The judge in the NATO 3 case, Thaddeus Wilson, prominently displays a picture of Martin Luther King behind his bench. If he were able, King would be spinning in his grave at some of the rulings Wilson has issued in the case. Wilson refused, for example, to dismiss a juror for cause, even though she routinely teaches at the Chicago police academy, and is married to the law enforcement officer who supervised the undercover operations of state police during the NATO protests. Despite the fact that police spying and its abuses lie at the heart of the NATO 3 case — and that this prospective juror’s very livelihood and family economy is grounded in police collaboration — Wilson ruled that there was no reason to doubt her ability to serve objectively.
That’s like saying that the chairman of BP is perfectly fit to serve on a jury weighing criminal negligence in the Deepwater Horizon disaster. Defense attorneys were forced to exercise a peremtory challenge to keep her off the jury.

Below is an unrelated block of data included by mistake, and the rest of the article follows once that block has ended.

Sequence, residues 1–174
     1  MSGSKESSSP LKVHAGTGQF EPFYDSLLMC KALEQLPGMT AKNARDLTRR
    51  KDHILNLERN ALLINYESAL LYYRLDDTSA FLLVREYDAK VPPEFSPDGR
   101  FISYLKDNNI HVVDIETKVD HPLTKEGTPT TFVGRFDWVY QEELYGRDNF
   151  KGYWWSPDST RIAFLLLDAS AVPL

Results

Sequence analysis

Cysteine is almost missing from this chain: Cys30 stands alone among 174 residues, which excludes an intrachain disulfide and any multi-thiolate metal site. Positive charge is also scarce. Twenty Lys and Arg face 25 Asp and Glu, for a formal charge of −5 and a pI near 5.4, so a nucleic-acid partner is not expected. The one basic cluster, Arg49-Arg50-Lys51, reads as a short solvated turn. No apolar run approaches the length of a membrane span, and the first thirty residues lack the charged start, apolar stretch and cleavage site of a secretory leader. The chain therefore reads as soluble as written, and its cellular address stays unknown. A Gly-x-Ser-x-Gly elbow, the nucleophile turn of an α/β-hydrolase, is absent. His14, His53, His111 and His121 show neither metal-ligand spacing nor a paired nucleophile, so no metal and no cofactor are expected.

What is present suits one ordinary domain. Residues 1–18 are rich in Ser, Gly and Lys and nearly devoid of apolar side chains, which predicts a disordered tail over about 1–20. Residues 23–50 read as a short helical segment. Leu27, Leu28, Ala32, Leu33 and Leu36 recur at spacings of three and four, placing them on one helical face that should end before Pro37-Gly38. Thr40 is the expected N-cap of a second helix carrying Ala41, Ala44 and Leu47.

Judge Wilson has also issued a disingenuously named ‘decorum’ order that sets the stage for massive courtroom repression. The edict is so sweeping that one could conceivably be ejected from the courtroom and cited for criminal contempt for the ‘crime’ of raising your eyebrows or shaking your head at testimony — or even smiling at a defendant. The order also bans political buttons, t-shirts, armbands and perhaps even particular colors — we won’t know until we show up wearing red or black or both. If you get up to take a leak, you can’t get back into the courtroom until the judge calls a recess — and in the jury selection of the phase, court sometimes ran past 9PM, so empty your bladder early.